German theologian Dietrich Bonhoeffer was remembered Thursday, the 70th anniversary of his execution by the Nazis, as a man who courageously sacrificed what could have been a comfortable life at a New York seminary to return to Germany and confront Hitler's killing machine.
Bonhoeffer, 39, a Lutheran pastor and noted anti-Nazi dissident, was hanged in the Flossenburg concentration camp on April 9, 1945, two weeks before Allied forces liberated it at the end of World War II in Europe.
"The saints, the prophets, the heroes of our traditions stand forever as role models for us," Bonhoeffer among them, said the Rev. Jonathan Linman of the Metropolitan New York Synod of the Evangelical Lutheran Church in America.
"And we need such role models, such mentors to give us the courage to carry the torch of truth and goodness today, now in the 21st century," Linman told about 75 people who gathered for the commemoration, held at the Museum of American Armor in Old Bethpage Restoration Village.
The interfaith event attracted elected officials, clergy and members of the public who said Bonhoeffer was an inspiration to them.
"He's one of my heroes," said Henry Fuhrman, 31, pastor of the nondenominational CenterPoint Church in Massapequa. "If I could live my life like he did, it would be a life well-lived."
Bonhoeffer was arrested in April 1943 by the Gestapo and imprisoned before his eventual transfer to concentration camps, including Flossenburg. The Nazis accused him of participating in a plot to assassinate Adolf Hitler, and after a brief trial he was hanged.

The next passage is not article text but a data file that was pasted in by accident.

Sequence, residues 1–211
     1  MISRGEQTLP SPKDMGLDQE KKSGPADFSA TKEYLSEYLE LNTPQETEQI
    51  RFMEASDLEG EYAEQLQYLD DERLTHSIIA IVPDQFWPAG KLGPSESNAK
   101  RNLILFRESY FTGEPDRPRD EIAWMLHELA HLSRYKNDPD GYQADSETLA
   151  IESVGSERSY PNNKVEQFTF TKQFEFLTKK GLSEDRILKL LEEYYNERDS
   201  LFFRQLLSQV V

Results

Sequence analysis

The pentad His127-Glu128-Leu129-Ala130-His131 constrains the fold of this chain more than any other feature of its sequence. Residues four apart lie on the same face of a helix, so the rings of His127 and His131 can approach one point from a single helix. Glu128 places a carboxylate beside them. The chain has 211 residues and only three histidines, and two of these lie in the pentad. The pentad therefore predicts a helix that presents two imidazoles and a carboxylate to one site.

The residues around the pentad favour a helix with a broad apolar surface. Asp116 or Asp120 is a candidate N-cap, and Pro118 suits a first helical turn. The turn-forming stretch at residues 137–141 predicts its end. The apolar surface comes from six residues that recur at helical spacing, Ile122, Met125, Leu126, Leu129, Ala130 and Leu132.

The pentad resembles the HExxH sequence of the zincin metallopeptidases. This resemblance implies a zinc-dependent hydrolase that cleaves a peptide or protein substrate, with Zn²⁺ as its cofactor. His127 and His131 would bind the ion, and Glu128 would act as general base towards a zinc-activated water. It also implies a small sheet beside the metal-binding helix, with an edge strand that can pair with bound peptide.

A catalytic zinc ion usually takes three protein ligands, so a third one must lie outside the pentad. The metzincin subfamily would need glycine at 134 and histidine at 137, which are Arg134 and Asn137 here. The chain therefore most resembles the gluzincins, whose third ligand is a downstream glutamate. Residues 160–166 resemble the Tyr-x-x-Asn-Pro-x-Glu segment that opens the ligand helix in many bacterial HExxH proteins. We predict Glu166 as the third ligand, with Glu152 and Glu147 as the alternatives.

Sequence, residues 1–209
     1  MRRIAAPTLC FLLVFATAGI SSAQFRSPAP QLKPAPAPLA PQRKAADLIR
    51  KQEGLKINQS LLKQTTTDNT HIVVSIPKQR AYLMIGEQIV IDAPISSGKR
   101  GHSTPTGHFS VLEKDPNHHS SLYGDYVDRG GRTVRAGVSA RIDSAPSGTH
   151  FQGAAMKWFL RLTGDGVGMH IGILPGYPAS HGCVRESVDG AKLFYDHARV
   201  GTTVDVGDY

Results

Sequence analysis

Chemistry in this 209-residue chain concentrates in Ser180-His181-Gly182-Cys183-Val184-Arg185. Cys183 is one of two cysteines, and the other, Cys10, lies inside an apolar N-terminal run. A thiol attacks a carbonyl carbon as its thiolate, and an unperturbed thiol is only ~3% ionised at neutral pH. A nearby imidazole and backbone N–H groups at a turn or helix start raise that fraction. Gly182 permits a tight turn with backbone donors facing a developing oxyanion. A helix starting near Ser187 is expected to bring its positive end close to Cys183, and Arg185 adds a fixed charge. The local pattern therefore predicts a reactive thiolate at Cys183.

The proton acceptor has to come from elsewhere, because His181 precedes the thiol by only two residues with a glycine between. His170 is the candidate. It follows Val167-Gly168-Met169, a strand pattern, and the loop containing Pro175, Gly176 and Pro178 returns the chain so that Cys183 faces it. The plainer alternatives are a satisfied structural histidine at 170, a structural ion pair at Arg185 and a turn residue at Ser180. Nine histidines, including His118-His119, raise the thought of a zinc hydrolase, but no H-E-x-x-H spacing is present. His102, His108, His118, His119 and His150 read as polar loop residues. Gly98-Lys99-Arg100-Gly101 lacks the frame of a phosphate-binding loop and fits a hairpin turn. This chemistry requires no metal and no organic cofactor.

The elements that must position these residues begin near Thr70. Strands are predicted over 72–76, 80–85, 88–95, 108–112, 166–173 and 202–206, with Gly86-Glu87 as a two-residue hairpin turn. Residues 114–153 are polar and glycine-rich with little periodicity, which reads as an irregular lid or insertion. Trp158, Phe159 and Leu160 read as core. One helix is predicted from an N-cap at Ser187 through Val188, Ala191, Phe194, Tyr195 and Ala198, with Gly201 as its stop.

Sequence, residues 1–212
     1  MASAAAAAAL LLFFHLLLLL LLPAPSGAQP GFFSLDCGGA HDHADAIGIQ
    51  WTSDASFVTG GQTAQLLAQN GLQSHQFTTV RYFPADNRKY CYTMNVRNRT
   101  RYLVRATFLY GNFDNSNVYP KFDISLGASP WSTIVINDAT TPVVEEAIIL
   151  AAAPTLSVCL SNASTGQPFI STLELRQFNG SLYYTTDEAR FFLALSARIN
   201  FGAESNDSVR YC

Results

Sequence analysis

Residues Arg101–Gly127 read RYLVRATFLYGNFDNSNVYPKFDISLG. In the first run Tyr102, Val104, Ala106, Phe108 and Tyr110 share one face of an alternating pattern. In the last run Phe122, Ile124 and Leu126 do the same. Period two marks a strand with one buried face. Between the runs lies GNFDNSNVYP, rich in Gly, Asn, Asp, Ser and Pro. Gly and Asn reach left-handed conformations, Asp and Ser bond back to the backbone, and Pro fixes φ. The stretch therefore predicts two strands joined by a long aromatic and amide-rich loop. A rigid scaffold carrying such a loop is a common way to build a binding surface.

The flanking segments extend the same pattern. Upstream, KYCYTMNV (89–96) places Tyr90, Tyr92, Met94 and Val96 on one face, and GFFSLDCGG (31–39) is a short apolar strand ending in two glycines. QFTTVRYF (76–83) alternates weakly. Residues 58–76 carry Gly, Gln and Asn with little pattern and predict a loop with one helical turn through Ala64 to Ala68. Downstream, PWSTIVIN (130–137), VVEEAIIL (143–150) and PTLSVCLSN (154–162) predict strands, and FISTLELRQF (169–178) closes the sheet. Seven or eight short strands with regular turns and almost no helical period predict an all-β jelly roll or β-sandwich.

He could have avoided Nazi Germany during World War II completely, Linman and others said. Born in Breslau, which then was part of Germany, he studied at Union Theological Seminary in Manhattan in 1930 and was invited back to teach in 1939.
"Professor Reinhold Niebuhr sought to bring him back not only for his theological genius, but also to save his life," said Terry Krueger, a student at the seminary who is nearing ordination as a Lutheran minister.
Bonhoeffer accepted the post and moved to New York, but returned to Germany a month later, Krueger said. "He realized he could not remain in America in good conscience, knowing all the terrible things that were happening in his homeland," Krueger said.
Hempstead Town Supervisor Kate Murray called Bonhoeffer a "brave and inspirational man who stood up against the tyranny and oppression of his time."
She said his own words were the most powerful: "Silence in the face of evil is evil itself. God will not hold us guiltless. Not to speak is to speak. Not to act is to act."
Rabbi Perry Raphael Rank of Midway Jewish Center in Syosset said Bonhoeffer's words are often quoted at religious services during important Jewish holy days.
"The Jewish people so admire and respect his guts and his courage," Rank said.